1. Great post. I recognised the “moments” you describe immediately. I felt that way a bit in last week's tutorial; a student had asked for a clearer explanation of neo-liberalism, and since it had come up in three lectures already I thought I;d dwell on the issue.

    Instead of talking about the global economy, I talked about what I research: the neo-liberal university. And that was something everybody understood, so there was a good discussion that ranged from why tuition is higher for international students to why knowledge is not an object to be dished out from a “basket” (hehe). That was one of the best discussions we have had all year, so I'm thinking hard about how it happened and how I can facilitate that happening again. I think those are the moments that encourage us to keep trying hard, even in moments of frustration.


  2. Great post, Erin!

    In some ways I have it easier than you — I teach media studies, so stuff that gets covered in the media is all fair game. So I can *always* talk about current events in class, and that's great. On the other hand, I often find I would really like to anchor those discussions in a bigger context, a literary context. But I don't really teach fiction: fiction is a great way to talk about current events with a bit of perspective, I think, intead of all the he-said, she-said of soliciting student opinions. Which sometimes happens in my classes.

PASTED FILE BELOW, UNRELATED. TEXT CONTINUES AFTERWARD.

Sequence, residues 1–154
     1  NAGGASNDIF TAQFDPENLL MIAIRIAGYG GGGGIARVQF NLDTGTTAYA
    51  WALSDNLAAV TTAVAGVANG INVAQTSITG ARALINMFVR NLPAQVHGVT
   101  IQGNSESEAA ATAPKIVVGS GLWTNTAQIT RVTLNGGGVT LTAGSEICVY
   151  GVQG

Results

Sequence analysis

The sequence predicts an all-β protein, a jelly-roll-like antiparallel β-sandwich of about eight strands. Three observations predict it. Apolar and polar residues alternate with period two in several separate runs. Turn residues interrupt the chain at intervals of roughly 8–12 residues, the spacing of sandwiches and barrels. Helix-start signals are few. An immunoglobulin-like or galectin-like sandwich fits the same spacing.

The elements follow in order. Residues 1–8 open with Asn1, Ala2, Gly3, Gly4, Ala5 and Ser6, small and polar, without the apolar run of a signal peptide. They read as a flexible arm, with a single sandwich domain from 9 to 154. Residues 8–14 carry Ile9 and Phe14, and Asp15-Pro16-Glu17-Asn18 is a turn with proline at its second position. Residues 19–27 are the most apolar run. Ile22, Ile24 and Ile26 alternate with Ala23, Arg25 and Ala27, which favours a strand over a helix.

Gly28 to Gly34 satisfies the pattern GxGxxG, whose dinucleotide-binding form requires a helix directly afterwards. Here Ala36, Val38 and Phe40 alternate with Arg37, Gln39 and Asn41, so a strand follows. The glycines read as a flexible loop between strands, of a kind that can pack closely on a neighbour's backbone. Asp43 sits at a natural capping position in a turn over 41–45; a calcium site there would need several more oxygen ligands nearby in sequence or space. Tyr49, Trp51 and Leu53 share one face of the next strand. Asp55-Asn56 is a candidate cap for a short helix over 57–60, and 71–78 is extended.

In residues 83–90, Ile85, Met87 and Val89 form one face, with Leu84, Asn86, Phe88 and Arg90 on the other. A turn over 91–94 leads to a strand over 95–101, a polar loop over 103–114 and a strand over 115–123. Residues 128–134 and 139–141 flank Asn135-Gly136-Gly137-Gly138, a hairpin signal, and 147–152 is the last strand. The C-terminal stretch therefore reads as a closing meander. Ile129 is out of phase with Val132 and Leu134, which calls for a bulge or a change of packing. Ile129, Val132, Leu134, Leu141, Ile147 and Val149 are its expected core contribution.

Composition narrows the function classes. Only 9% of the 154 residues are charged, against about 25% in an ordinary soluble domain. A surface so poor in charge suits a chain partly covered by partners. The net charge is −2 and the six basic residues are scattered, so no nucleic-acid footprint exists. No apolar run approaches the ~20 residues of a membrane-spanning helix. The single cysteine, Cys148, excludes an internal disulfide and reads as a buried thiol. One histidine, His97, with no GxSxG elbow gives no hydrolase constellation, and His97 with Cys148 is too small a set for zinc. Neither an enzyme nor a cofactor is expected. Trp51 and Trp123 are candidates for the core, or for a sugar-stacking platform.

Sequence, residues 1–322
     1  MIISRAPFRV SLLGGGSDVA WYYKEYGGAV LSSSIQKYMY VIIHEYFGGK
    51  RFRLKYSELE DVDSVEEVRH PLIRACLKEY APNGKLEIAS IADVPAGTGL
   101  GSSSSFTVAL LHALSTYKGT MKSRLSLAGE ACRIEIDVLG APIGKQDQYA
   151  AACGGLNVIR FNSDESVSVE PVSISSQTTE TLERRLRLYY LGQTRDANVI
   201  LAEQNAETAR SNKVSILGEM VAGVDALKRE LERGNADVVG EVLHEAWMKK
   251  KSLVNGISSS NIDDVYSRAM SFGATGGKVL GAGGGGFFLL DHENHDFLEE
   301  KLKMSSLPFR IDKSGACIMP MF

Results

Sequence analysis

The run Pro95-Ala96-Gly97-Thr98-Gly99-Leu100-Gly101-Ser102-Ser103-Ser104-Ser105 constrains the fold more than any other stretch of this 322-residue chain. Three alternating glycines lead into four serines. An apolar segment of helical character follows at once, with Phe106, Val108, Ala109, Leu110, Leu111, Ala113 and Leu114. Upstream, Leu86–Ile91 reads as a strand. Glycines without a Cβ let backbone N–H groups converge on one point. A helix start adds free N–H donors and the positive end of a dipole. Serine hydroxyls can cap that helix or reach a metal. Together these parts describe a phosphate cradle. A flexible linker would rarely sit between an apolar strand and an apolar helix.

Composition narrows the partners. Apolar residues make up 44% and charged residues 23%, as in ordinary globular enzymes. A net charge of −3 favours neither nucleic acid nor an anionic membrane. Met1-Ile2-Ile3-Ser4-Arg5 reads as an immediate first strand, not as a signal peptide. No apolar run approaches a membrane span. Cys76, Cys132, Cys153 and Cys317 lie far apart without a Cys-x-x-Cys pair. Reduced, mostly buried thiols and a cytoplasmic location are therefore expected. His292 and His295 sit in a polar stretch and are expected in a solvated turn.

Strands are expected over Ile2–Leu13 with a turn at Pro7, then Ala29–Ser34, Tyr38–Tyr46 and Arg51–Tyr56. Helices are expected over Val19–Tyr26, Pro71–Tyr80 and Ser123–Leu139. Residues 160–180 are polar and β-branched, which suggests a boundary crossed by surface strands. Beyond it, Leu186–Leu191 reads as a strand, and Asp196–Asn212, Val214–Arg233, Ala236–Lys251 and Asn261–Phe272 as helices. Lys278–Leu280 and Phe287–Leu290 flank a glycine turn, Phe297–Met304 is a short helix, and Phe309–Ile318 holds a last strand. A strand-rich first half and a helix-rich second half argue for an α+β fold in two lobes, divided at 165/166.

Anyways, in many of my classes, I assign writing assignments (response papers, essays) that are based on news coverage of current events–it makes stuff not only relevant, but also hard to plagiarize.


  3. It's such thoughtful consideration of how and why we teach that makes you one of the best teachers I know. 🙂

    Unlike Aimee, my home discipline – history – looks somewhat askance on relating our study to current events. And yet the two other units in which I teach – Canadian Studies & Sustainability – demand it. So in my history classes I worry about appearing “political” or “presentist,” and in the other classes, I worry about appearing not political – or relevant – enough.

    Which is maybe why I am increasingly enjoying Canadian Studies more than any other kind of teaching. Arctic sovereignty, military memory, environmental policy … issues which require an historical perspective, but also engage my sense of myself as a citizen.


  4. We're currently reading Fahrenheit 451 in one of my classes, which begs to be compared to our current attitude towards school, books, and learning. In my other class, we are reading philosophical texts that discuss the nature and purpose of education, and I invite the students to reflect on their own attitudes towards and experiences with modern education.